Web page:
What need does this address? Liz Elam founder of Link Coworking and executive producer of the Global Coworking Unconference said ,”More young people want work-life balance and maybe vacations completely unconnected are not feasible anymore; maybe people won’t take traditional vacations. But they can go to work in paradise for two months.” New centers described in the New York Times’ “A Desk in Paradise” have cropped up in Gran Canaria (The Surf Office), Turkey, and towns driving distance from Paris and Berlin. Right now they’re small in number and rooms and limited in facilities, but the appeal, especially to the Millennials is strong. They’re truly a new breed of “lifestyle” hotels.

The opportunity is there to expand the formula with new locations, more facilities, and ultimately, an upscale version of the concept. Let’s see who gets there first.

High End Bricks and Mortar Retail: Last Man Standing

http://media.bizj.us/view/img/4507871/design-district-3*1200xx3264-1836-0-306.jpg

All the signs are there in luxury retail trends. Soaring urban real estate costs. Inevitable lifting of rent controls, most recently in Spain. Struggling popular priced malls. Lower middle class and middle class incomes strapped by stagnating wage growth. And add to this the rapid acceleration of online shopping.  In the developed world malls and mom and pop retailers are going away, the pace picking up steam.

What will replace them? For starters, in the short term, more ubiquitous and ever larger emporiums of global luxury brands and shopping centers geared to the affluent and elite affluent. Every summer when I go to Madrid I see it happening – independent fashion boutiques replaced by the names you know. In Miami, it’s starkly apparent. With Brickell’s CitiCentre project by Swire Properties, Miami-Dade County will have four high end shopping destinations – Bal Harbour Shops, Village of Merrick Park, and the Design District. During Art Basel I paid a visit to the new section of the Design District and frankly couldn’t believe my eyes – I thought I was transported to Beijing and the shopping center adjacent to the Opposite Hotel (operated by Swire Hotels).

I wrote “the short term” because I think that longer term, the affluent will be looking for more alternatives to the same global designer fare you find in Paris, London, New York or Shanghai. LVMH, Hermes and others have recognized this, and for awhile a few years back there was talk about going global and thinking local, as in designing products that were more of the place. I think they were on to something big, but there hasn’t been much talk of that recently. Absent this, and there will come a time when the affluent will look elsewhere, which they’re already doing online.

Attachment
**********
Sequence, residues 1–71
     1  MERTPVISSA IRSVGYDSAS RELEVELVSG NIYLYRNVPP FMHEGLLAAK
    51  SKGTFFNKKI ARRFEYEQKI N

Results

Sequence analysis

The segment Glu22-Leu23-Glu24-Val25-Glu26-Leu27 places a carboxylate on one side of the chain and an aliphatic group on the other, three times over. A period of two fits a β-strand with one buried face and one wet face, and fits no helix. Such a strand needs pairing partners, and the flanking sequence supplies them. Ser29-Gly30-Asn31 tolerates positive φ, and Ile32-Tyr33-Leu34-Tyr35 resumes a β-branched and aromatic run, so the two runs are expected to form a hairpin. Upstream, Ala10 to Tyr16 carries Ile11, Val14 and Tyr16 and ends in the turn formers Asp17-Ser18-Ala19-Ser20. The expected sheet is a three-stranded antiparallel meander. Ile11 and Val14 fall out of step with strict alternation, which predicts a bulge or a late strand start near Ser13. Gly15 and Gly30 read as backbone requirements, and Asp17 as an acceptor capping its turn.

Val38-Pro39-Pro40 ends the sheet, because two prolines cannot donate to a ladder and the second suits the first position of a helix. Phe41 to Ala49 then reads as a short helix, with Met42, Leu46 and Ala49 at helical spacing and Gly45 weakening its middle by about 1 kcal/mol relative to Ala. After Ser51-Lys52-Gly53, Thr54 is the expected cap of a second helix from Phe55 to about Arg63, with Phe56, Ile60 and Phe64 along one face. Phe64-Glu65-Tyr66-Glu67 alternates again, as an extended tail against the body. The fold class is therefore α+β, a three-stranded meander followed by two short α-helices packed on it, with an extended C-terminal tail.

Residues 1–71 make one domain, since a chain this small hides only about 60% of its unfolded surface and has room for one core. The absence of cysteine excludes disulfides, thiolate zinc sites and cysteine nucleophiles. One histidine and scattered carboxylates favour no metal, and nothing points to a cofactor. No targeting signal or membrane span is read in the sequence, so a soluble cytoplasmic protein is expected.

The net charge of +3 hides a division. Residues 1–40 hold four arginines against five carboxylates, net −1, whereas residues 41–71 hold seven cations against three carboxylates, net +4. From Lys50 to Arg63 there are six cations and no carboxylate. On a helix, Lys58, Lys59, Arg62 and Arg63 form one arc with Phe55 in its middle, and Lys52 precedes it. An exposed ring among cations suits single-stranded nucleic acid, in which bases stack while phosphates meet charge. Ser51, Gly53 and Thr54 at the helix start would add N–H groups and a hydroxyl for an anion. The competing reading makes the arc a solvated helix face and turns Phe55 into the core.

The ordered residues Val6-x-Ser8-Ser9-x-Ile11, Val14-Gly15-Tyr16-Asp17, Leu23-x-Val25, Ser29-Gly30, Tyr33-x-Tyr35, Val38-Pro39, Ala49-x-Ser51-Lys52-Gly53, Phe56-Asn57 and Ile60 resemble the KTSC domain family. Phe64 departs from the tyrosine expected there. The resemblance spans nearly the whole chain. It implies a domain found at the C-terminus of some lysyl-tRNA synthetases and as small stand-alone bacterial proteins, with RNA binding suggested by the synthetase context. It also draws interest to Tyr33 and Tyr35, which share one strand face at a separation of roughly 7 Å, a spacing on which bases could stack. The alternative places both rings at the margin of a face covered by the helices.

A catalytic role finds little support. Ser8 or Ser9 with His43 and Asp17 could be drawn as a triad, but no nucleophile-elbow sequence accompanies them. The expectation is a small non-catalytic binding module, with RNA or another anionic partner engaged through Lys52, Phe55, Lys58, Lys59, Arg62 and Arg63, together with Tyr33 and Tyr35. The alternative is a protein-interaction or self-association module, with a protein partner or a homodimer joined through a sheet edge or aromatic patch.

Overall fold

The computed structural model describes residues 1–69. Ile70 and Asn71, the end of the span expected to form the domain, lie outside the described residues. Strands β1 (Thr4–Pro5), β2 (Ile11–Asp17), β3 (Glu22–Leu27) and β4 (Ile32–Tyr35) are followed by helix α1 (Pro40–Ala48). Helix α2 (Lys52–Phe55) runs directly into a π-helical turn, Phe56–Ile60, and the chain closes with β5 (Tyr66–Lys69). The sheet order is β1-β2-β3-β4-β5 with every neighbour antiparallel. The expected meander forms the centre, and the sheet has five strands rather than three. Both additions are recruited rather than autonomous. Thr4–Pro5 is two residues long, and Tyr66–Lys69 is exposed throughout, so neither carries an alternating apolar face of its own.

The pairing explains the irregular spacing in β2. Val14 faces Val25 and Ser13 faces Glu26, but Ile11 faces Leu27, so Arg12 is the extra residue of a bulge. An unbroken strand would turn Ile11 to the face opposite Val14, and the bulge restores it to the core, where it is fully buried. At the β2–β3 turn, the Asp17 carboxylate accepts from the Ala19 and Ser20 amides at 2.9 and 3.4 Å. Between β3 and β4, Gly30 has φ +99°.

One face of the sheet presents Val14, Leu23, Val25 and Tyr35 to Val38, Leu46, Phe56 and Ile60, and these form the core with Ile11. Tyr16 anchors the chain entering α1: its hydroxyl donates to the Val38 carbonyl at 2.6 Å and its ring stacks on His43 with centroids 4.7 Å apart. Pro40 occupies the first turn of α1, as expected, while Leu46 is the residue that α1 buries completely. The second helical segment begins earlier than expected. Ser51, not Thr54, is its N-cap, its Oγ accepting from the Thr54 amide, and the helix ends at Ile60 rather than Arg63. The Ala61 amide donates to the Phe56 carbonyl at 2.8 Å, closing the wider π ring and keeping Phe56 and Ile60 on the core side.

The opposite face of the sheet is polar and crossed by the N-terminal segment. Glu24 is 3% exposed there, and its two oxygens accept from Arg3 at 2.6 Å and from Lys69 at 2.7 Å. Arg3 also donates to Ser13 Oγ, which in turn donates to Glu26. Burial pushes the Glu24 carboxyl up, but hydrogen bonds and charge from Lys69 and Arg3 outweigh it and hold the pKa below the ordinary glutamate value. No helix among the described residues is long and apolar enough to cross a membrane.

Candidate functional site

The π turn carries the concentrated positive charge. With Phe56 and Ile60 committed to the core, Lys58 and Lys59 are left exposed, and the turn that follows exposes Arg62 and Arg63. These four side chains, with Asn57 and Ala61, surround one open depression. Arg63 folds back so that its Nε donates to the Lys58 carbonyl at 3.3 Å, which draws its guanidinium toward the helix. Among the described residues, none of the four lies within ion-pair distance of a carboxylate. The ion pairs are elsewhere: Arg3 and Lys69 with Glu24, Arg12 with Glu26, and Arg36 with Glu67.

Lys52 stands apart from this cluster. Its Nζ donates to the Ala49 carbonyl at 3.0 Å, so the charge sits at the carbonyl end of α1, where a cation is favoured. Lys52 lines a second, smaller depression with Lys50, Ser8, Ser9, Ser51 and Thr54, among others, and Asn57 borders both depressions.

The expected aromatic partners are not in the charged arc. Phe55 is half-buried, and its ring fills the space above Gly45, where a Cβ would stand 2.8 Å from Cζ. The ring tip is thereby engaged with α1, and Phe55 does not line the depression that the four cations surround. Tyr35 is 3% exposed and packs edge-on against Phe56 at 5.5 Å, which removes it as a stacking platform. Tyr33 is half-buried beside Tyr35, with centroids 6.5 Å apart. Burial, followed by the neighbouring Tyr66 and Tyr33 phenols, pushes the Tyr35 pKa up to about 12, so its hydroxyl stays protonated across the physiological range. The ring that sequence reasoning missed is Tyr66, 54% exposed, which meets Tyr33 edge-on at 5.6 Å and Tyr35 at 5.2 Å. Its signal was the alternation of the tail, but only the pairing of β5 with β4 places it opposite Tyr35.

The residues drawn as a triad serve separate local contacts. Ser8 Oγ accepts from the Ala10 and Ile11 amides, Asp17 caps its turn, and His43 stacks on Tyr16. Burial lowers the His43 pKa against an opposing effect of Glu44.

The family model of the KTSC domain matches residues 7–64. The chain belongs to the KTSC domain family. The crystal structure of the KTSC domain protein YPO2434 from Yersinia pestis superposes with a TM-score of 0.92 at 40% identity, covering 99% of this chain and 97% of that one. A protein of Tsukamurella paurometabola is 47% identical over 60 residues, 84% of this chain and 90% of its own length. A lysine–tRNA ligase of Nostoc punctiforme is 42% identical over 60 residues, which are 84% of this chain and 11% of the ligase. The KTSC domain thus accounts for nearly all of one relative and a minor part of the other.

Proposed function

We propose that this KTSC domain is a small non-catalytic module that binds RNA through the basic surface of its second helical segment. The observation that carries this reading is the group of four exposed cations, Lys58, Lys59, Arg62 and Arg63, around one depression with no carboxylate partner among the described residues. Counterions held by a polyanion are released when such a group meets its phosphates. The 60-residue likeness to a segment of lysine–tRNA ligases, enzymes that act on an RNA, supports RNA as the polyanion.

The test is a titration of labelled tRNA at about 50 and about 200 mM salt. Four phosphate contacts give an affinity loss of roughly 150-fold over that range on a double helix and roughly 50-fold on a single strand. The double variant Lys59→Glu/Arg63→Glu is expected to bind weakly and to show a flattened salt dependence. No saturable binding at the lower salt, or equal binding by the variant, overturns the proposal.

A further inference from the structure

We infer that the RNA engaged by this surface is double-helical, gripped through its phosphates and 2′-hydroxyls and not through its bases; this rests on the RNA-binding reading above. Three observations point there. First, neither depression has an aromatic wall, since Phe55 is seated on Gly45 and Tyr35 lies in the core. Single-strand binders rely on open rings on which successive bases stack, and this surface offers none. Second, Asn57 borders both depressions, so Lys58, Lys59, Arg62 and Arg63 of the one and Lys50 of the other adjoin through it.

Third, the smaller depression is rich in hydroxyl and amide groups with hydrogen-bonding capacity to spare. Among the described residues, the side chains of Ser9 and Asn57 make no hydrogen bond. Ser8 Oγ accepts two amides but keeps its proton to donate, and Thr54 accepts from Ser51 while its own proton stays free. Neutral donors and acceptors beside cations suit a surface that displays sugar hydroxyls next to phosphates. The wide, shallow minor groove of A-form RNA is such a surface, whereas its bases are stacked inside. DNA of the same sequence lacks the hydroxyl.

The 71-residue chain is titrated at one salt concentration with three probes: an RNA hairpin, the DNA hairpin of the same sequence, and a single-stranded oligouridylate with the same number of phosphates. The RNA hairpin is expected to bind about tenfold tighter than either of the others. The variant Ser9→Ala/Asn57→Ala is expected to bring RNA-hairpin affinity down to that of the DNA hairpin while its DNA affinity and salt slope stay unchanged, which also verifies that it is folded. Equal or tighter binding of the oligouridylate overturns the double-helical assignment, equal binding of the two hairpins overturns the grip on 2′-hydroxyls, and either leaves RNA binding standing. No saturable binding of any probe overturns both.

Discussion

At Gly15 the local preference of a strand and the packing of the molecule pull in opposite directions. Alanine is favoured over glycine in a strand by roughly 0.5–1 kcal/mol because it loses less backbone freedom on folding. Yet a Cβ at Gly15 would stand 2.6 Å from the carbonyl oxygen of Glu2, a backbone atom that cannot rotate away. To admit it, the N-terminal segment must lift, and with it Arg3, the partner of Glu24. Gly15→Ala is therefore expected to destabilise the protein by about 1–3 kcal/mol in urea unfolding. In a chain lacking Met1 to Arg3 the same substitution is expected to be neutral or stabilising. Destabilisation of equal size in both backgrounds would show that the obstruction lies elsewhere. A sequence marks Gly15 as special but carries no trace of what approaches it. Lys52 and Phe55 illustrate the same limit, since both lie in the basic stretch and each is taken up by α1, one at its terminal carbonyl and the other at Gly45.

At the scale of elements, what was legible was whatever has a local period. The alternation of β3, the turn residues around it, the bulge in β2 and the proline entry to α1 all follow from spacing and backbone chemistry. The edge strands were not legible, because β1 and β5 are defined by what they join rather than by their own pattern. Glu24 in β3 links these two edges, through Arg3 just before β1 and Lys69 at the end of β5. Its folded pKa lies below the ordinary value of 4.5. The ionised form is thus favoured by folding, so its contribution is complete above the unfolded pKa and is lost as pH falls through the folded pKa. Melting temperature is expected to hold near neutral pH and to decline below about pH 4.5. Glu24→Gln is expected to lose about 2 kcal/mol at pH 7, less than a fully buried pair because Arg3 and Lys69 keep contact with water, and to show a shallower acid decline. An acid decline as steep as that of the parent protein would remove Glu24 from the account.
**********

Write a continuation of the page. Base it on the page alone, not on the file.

At the same time, the cost of marketing for small, independent retailers used to make business challenging, but now, with social media, promotion for a small budget is in the cards. And how about rents? I predict independent high end retailers will thrive despite the rents, considering the kind of profit margins they enjoy.

But there’s a lesson here too for smart real estate developers. My advice? To sprinkle their shopping centers with unique shops at mid-high price points to not only provide variety, but also, draw in the lesser affluent who can make one time luxury purchases and patronize the restaurants and bars. I read that CitiCentre plans to do this very thing. The shopping part of the project is run by the owners of Bal Harbour Shops. It will be very interesting to see what they do. Stay tuned.

 

 

 

 

Baby Boomers and Retirement Niches

Noho_Sr_Arts-501

 

Arguably the most well traveled generation in American history, Baby Boomers, used to the new and different weren’t content with the same old, same old. They helped propel the niche economy, facilitated by technology. We’ve seen everything from special interest cruises and tours to dating sites and ever more niche culinary sensations which we’ve written about over the years. It’s no surprise, then, that in their retirement, boomers are looking for senior-oriented communities to pursue their special interests with the like minded and to be more active in body, mind and soul. And their numbers and healthy assets are propelling a growth in this newest niche.